ideal speed (rpm) for harvesting pellet for protein expression

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zepedrof
zepedrof's picture
ideal speed (rpm) for harvesting pellet for protein expression

What is the ideal speed for harvesting 400 mL of bacterial culture from induced pellet ( 1mM iptg) ?

Some protocols say 4000 rpm at 20 minutes or

others at 14000 rpm at 20 minutes ?

I obtained my pellet centriguginf at 14.000 for 12 mins... would that be ok ?

is there any difference from a 14.000 rpm pellet from a 4.000 rpm pellet ?

cheers,

JP

Pippuri
Pippuri's picture
 Hi Zepedrof,

 Hi Zepedrof,

I think you will get many answers based of individual's preference.  (Having said that, I personally prefer 6500xg, 15 min, 4 deg....)

I don't think using either of the conditions is going to harm your experiment outcome per se. The only thing that I could think of is how tight the pellet will be packed under different centrifugation force, and it may "remotely" relate to how quickly you can resuspend the pellet for your next step...

:-)

Suola
Suola's picture
zepedrof,

zepedrof,

In order to pellet cells, people usually use around 5000 g (centrifugal acceleration 5000 times the gravity on earth) for 10 minutes.

You achieve this g value at different rpm values depending on the size (diameter) of the rotor. Also, to an approximation, you can shorten the time to half if you double the g value and get the same result.

Thus, the rpm and time in different protocols can be different even when using the same g value if the protocol uses different rotor.

The lesson is that convert the rpm value to g value when comparing protocols. Your centrifuge manual usually tells the relation between the rpm and g values for different rotors.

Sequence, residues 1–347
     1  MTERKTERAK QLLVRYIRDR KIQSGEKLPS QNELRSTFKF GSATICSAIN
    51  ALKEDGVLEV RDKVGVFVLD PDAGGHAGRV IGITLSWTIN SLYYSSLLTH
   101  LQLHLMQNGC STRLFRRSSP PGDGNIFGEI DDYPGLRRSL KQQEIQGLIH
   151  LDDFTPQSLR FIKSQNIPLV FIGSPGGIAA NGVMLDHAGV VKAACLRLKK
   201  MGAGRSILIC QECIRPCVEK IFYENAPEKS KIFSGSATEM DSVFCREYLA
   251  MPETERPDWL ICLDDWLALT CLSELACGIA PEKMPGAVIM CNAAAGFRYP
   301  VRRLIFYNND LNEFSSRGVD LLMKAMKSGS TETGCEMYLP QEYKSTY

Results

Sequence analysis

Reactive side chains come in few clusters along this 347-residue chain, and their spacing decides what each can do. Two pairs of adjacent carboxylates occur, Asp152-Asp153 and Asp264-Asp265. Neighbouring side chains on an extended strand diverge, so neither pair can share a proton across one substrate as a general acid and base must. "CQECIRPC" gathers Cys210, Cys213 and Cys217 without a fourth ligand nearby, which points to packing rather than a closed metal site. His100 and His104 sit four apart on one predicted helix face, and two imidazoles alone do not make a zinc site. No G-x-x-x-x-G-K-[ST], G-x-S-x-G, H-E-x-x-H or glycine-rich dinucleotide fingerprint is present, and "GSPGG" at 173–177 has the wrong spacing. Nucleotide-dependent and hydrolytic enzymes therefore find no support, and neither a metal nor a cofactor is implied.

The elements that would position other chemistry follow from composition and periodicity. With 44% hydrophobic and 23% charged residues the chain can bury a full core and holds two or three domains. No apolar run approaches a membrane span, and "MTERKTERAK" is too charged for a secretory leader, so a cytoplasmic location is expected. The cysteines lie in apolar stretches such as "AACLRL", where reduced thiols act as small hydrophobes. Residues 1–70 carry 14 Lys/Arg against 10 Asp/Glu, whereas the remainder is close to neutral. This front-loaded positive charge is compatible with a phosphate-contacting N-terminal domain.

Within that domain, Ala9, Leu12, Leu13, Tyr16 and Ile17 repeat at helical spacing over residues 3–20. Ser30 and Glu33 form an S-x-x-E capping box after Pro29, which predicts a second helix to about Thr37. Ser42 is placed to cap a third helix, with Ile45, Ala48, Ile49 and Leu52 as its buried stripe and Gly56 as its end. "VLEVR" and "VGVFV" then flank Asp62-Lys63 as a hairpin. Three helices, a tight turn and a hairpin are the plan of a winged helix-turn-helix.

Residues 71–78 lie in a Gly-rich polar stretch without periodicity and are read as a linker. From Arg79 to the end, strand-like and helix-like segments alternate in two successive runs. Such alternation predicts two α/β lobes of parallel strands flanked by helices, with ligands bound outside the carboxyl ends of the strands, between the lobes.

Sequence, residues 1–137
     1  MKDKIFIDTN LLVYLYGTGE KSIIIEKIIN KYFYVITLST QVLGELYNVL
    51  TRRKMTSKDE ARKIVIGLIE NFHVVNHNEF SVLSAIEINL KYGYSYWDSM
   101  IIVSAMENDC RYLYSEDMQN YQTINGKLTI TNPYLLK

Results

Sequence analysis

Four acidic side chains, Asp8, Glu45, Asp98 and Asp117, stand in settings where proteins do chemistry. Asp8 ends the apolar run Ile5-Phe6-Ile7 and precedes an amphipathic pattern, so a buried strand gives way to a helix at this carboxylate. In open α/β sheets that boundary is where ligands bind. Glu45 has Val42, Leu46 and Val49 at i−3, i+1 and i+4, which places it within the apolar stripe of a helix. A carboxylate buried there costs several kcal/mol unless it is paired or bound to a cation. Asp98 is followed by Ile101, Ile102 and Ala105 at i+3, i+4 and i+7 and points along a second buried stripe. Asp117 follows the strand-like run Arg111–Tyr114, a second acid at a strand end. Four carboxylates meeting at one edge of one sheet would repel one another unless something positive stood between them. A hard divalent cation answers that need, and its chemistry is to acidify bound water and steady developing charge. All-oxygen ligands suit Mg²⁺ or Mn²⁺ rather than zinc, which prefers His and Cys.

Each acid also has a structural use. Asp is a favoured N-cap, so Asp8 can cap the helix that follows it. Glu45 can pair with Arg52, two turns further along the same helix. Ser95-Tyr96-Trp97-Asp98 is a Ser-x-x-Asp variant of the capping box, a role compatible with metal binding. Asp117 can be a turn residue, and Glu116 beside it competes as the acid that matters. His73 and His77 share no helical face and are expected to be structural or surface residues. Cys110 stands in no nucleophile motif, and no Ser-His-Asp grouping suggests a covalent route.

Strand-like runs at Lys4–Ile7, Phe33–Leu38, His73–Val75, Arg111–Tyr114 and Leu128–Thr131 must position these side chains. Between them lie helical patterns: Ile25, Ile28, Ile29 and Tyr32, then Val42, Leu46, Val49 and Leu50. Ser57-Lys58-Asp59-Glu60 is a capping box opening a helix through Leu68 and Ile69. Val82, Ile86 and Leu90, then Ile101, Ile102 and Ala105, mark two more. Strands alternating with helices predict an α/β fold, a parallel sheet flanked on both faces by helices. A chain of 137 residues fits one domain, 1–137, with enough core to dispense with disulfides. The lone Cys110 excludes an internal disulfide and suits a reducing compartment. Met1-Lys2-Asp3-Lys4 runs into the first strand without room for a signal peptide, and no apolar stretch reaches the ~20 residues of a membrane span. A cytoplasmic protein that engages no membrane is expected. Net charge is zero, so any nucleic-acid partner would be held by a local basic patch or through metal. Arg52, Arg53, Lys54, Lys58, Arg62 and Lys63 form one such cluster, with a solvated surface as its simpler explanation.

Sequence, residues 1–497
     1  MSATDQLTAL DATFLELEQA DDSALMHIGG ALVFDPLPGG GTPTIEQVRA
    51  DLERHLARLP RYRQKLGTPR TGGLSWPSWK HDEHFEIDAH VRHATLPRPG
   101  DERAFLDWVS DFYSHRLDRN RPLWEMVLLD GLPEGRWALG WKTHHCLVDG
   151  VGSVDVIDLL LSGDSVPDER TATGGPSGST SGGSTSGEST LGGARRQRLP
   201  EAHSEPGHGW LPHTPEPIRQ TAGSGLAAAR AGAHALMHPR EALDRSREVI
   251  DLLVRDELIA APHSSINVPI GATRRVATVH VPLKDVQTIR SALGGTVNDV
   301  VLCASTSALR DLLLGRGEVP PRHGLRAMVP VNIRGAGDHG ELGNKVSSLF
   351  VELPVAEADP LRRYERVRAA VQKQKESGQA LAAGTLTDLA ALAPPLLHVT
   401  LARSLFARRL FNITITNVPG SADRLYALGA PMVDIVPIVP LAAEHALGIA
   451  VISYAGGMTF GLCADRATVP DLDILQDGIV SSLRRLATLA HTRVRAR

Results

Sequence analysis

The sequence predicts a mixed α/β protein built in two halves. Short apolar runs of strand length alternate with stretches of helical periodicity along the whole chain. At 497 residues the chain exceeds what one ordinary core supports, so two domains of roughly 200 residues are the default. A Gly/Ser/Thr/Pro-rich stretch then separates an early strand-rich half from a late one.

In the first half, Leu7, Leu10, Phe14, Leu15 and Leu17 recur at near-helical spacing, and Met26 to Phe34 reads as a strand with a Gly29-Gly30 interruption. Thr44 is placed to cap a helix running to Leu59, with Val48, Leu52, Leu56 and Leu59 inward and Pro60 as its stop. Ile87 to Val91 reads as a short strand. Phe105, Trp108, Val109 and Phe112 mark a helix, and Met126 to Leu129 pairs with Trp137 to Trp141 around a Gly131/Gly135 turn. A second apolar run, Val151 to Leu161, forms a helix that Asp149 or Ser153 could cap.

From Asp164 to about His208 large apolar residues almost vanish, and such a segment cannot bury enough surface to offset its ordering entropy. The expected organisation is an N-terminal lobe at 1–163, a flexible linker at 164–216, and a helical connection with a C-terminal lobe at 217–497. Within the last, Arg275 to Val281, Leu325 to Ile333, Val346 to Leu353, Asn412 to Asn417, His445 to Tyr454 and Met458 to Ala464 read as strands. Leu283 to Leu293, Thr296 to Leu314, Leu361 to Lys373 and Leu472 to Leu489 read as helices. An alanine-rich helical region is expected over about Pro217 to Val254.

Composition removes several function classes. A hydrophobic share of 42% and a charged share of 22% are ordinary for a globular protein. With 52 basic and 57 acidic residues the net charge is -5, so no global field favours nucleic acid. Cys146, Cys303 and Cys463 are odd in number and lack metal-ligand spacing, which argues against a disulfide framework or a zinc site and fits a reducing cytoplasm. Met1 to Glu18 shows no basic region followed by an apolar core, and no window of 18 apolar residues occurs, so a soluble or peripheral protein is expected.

The idea of harvesting cells is exactly what it sounds, if after centrifugation, you see a nice tight pellet and clear supernatant, your protocol worked. Thus, there is no ideal speed, as long as it pellets the cells visibly.

Cheers,

Add colour 2 ur life
Add colour 2 ur life's picture
Hi,

Hi,
I am there with pippuri, as he said you might end up with hard pellet if you go for more speed.For pelleting the cells i dont think you need not more than 5000X g.And i dont think you will not have any difference with induced bacterial cells over  un induced cells, you can use the same parameters.

All the best.

yashwant_chavan
yashwant_chavan's picture
4000 rpm for 10 minutes is

4000 rpm for 10 minutes is enough to pellet bacterial population in 1mL sample collected in 1.5mL eppendorf tube. Depending upon the type of sample you are using the final outcome will vary if you use higher centrifugation speed. If the sample is environmental water or any biological fluid containing particles and biological content other than bacteria also then you would end up in pelleting other particles having pelleting speed greater than 4000 RPM. Hence to precisely pellet bacterial population 4000 rpm for 10 minutes is enough.

ajsr1987
ajsr1987's picture
Hi there,

Hi there,
I know its a bit late to reply to the thread, but I found this article, which suggests that using too high centrifuge speed may actually cause damage to the cell surface and its interior structures, resulting in lower viability and impaired function. Please check this out before deciding on the appropriate centrifugation speed.
http://aem.asm.org/content/early/2011/10/24/AEM.06780-11.full.pdf